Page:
From combat trauma and the demands of military life, it can be hard for returning veterans to segue back to civilian life. For example, approximately 18.5 percent of service members returning from Afghanistan or Iraq have post-traumatic stress disorder (PTSD) or depression, according to the Substance Abuse and Mental Health Services Administration.
Team Red, White & Blue Executive Director Blayne Smith said he struggled after he began to transition back to civilian life following military service. “It can be challenging to transition from military life to civilian life,” Smith says. “I came back home and I felt guilty. So, when I realized that things weren’t going as well as I’d hoped they would, it was a big wake-up call for me.”
Smith, a West Point graduate and U.S. Army veteran, said he had to get back to doing things that made him who he was so he could start feeling better. “I had to force myself in some cases to get a little bit outside my comfort zone,” Smith says. “I started running and exercising more and that made me feel great.”
Team Red, White & Blue is a nonprofit organization that helps veterans by connecting them to their community through physical and social activities.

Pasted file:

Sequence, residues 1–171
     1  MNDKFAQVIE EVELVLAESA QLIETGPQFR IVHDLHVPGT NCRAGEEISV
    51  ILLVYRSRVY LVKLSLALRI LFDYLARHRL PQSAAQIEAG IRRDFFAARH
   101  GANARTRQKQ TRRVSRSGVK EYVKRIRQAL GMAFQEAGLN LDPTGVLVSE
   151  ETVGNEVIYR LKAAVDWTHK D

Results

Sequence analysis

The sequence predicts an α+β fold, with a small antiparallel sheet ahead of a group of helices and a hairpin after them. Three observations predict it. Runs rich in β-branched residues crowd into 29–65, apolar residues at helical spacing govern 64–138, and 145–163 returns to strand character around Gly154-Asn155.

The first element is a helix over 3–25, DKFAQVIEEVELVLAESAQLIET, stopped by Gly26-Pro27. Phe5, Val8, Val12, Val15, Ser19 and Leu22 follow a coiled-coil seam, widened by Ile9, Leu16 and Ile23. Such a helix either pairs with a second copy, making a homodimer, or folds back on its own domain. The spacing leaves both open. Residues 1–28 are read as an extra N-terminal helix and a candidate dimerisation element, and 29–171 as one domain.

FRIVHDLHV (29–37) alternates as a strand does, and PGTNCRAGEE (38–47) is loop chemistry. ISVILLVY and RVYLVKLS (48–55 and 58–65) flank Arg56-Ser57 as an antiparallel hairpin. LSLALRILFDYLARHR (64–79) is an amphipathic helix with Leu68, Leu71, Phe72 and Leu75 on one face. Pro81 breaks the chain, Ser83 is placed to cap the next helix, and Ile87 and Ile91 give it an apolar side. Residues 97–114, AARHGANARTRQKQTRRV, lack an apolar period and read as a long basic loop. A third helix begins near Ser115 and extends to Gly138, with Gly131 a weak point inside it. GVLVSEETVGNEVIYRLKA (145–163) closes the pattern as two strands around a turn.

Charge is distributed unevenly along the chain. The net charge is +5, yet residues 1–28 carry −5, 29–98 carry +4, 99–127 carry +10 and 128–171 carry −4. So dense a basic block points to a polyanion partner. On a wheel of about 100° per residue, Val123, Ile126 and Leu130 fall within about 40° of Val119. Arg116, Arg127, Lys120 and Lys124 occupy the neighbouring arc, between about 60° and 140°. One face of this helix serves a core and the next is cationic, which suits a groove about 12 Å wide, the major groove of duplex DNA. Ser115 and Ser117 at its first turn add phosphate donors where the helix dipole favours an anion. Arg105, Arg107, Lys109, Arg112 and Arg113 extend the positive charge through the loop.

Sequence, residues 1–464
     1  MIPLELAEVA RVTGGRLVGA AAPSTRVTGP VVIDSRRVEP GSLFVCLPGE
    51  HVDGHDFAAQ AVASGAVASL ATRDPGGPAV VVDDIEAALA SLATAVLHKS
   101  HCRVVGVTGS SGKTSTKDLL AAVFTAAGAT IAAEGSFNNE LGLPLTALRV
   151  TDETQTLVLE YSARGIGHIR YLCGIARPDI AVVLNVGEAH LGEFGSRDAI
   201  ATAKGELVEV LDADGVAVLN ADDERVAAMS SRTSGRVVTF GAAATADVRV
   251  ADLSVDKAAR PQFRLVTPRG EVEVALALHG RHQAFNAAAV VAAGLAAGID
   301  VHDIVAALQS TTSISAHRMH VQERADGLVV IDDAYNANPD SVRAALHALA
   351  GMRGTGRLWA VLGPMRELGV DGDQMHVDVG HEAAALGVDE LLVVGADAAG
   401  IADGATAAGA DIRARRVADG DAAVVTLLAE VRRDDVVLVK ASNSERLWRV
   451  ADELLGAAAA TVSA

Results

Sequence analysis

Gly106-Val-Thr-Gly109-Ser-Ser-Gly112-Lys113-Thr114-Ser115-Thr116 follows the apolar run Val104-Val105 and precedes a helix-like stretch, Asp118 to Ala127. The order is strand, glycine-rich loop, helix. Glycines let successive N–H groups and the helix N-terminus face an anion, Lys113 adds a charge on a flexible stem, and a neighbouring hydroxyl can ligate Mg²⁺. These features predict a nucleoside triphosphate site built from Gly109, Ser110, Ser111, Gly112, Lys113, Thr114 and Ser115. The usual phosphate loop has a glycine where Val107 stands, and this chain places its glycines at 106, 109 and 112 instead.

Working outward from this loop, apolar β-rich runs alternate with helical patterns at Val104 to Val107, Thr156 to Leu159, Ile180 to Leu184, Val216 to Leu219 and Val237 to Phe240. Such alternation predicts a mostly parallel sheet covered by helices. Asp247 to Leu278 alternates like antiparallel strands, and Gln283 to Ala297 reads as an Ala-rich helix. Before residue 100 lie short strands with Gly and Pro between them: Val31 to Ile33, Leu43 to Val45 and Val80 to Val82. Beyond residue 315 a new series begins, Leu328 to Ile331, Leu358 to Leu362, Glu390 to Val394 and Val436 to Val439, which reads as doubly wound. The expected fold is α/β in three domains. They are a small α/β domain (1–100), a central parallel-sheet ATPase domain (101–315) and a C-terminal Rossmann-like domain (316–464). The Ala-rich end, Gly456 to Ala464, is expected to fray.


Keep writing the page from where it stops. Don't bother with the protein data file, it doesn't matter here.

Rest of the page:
“When we get people together, then they can support each other,” Smith says. “Physical activity is a great way to do that. Not only is exercise great for your physical, mental and emotional health, but it’s the best way for people to build meaningful connections.”
To learn more about Smith and Team Red, White & Blue check out the video below.
The Aetna Foundation donated over $200,000 in grants to organizations that support veterans and their families and help veterans make the transition to civilian life after service.
Veteran unemployment has surpassed national average unemployment figures for some time. But now an increasing number of employers are making significant efforts to aid, recruit and train veterans.